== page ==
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O2 uptake B

nursing 212 O2 uptake B 2-18

QuestionAnswer
def hypoxia; def hypoxemia; what will occur first hypoxemia or hypoxia decreased o2 in the tissues; decreased o2 in the blood; hypoxemia
what is the percentage of room o2 21%
mechanical ventilation: def; is ventilation a cure; def apnea; processby which FIO2 is >21% and is moved in and out of the lungs via a mechanical vent; no only supports pt until they can breath independently; pt cannot breath on their own
mechanical ventilation: indication pt may need ventilation; CO2 retention can be due to inadequate ____ ventilation apnea, acute resp failure, severe hypoxia, resp muscle fatigue, pt may have acute failure; alveolar ventilation
endotracheal tube: why is it inserted; what are signs of successful intubation; what is a common complication; pt needs to be on a vent; lungs sounds bilaterally, movement of chest wall symmetrical; trauma to resp structures, pt extubating themselves;
mechanical ventilation: laryngospasms- when do these occur; what are interventions when these occur after the removal of the ET tube; O2 positive pressure ventilation, IV muscle relaxants, lidocaine, corticosteroids;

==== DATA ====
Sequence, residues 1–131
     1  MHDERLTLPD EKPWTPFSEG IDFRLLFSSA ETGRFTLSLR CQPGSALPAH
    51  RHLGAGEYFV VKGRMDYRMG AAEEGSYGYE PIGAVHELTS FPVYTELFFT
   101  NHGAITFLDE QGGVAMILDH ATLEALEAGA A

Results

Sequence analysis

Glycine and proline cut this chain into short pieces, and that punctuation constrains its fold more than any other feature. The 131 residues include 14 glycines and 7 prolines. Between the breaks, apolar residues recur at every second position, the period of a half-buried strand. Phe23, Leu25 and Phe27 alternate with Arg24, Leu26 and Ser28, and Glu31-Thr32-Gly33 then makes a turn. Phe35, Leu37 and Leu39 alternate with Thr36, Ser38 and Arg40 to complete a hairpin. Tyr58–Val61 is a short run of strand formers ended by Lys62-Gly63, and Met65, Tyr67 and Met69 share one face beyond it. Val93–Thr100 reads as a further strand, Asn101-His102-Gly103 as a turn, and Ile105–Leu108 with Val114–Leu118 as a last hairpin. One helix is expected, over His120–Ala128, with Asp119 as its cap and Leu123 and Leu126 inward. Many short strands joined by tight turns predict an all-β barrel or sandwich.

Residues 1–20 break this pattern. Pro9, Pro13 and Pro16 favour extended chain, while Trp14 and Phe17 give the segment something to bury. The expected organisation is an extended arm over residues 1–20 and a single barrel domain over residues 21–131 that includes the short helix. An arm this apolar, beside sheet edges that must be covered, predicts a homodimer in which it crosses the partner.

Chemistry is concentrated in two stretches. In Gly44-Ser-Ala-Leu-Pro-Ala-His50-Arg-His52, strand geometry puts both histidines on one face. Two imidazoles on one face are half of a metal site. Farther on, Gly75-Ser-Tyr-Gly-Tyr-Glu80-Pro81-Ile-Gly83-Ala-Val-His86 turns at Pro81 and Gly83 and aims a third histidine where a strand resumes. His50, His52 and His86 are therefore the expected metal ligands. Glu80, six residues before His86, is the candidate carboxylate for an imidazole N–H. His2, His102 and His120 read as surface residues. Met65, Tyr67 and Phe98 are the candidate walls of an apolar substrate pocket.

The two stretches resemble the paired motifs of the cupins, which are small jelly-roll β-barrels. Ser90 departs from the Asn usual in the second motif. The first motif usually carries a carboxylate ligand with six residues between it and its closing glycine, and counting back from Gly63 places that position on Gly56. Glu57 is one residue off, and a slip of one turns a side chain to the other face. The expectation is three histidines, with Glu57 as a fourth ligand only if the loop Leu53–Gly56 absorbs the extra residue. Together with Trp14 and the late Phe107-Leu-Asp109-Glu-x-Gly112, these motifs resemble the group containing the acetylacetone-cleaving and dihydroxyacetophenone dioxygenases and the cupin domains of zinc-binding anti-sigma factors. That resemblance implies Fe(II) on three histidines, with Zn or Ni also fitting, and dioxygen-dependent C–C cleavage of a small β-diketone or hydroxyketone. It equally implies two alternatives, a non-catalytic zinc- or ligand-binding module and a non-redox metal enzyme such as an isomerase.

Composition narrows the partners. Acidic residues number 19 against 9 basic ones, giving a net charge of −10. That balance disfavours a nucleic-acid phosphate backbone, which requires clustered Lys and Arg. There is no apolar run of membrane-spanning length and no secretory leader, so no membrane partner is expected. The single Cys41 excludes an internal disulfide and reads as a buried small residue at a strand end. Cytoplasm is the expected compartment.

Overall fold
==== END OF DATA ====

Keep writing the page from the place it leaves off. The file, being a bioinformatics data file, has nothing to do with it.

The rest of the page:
what is the most common type of ventilation that we see in the ICU positive pressure ventilation
negative pressure ventilation: this was called aka; def; what pt dx would this be used on; as it expands the thorax it pulls air where iron lung; chambers encase the chest or body and surround it with intermittent negative pressure; polio and neuromuscular disease; in
positive pressure ventilation: what causes the inspiration; what causes expiration; inspiratory phase ends by what 3 things; positive driving force; when positive force is release expiration is done passively; pressure, volume and time;
positive pressure ventilation: what are the 2 types; how is it volume cycled; def tidal volume; in volume cycled what is constant; what isvariable in volume cycled; volume cycled, pressure cycled; set to deliver a certain tidal volume and pressure changes based on pt needs; this is the air moved in and out with breathe; volume; pressure
positive pressure ventilation: pressure cycled- what is constant; what is variable; pressure; volume;
positive pressure ventilation: what is the most common volume cycled or pressure cycled volume cycled
positive pressure ventilation: pressure cycled- because airway resistance may vary from breath to breath what may vary alot tidal volume;
positive pressure ventilation: volume cycled- when is inspiration terminated; how is the volume determined; when a preset volume of gas is delivered; 10-15 ml/kg body wt;
modes of mechanical ventilation- continuous mechanical ventilation (CMV): def; what does everything; what is controlled; what is assisted; automatic cycling with set rate and tidal volume; machine; intra thoracic pressure always positive; some atmospheric pressure in circuit